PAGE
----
Of course, with a little care and experimentation, you may find that you don’t need to apply the second guideline in all cases – especially for bulk inserts.
In response to a question about a system that needed to set a very large shared_pool_size, I’ve just posted on the OTN database forum a brief summary of the impact of the cursor_sharing parameter on your system. It seemed like a waste not to link to it from the blog.
An earlier posting on my blog about one of the little oddities that can appear when you use cursor_sharing.
There’s an interesting conversation about hash clusters growing on the OTN database forum at the moment; I’ve made a couple of contributions to it, and think it’s worth reading.
For some other comments I’ve made about hash clusters in the past:
I mentioned the hidden parameter _smm_isort_cap recently in my solution to a problem with analytic functions applied to large volumes of data; but in that note I didn’t give you much detail about what it does.
The description given in x$ksppi is: “maximum work area for insertion sort(v1)” which refers to the mechanism used for all sort operations in earlier releases of Oracle. In 10gR2, however, Oracle introduced a new sorting mechanism (commonly called the V2 sort) which uses less memory, less CPU, and can reduce the chances of a sort operation spilling to disc. But the new sort mechanism doesn’t get used for all sort operations – so it’s worth checking in v$sql_workarea(_active) – and even the 10032 trace file – from time to time to see which operations have used the V1 sort and which have used the V2 sort. Here, for example is a simple query against a 10.2.0.3 system just after startup:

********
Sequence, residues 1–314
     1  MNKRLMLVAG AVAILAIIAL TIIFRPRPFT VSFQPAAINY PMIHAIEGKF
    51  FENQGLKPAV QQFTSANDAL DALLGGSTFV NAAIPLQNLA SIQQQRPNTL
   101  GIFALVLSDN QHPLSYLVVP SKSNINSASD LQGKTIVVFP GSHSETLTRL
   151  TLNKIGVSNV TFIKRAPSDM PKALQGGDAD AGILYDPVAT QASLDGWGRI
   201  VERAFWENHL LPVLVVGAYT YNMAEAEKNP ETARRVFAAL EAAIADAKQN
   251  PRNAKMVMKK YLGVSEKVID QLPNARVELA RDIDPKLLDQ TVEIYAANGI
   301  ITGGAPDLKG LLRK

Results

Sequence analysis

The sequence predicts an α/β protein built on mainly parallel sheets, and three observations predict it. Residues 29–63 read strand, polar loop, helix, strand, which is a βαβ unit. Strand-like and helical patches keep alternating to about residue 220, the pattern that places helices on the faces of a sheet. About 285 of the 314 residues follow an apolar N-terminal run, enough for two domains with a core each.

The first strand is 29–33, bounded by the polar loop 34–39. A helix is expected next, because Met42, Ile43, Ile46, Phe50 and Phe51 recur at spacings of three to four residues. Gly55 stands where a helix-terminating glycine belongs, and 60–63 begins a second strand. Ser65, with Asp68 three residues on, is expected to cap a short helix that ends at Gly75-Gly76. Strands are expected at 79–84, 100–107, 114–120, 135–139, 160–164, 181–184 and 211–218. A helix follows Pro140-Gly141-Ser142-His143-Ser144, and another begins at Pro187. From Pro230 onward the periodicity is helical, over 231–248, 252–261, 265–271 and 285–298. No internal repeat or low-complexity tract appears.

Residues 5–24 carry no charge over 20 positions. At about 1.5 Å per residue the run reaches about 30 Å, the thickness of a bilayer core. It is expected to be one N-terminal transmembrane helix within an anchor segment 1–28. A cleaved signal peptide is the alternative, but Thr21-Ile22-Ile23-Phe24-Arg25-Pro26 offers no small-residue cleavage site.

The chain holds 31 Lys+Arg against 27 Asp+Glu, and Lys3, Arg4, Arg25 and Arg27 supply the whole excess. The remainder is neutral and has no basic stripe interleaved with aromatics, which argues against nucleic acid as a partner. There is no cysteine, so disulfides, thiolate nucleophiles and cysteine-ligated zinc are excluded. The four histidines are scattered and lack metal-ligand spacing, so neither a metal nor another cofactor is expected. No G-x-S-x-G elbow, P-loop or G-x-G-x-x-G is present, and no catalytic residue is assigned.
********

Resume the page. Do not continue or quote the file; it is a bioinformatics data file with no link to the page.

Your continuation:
I’ve been involved over the last few days in a discussion on the OTN Database forum of a strangely behaved index.
The thread started with someone asking if a corrupted index could be the root cause of a job slowing down [probably not, a corrupted index is more likely to cause a job to crash] but the interesting bit came along later as a follow-up post introducing an index that seemed to grow unreasonably large for no apparent reason – apparently bypassing the automatic reuse of empty index blocks that normally takes place.
I made a throwaway comment in a recent posting about using powers of two for the number of partitions when using hash partitioning. The article in question was talking about globally partitioned indexes, but the “power of 2″ principle was first associated with tables.
Here’s a simple demonstration of hash partitioning in action demonstrating why Oracle adopted this “power of 2″ rule. We start by creating a table that doesn’t obey the rule – with six partitions – and collect stats on it to see how many rows go into each partition:
After wrting a short series of notes on a problem with indexes wasting a lot of space and growing to three (or even four) times the size you might expect due to a problem with concurrency and ITL (interested transaction list) entries accumulating, I thought it would be a good idea to create a little index for the series to make it easier to read them in order:
After describing how to deal most effectively – but only after approval from Oracle Support – with the problem of indexes wasting space on unnecessary ITL entries, I left you with a short list of “supportable” options for addressing the problem. In this note I’m going to outline a few pros and cons of each of those options. The list was as follows: (more…)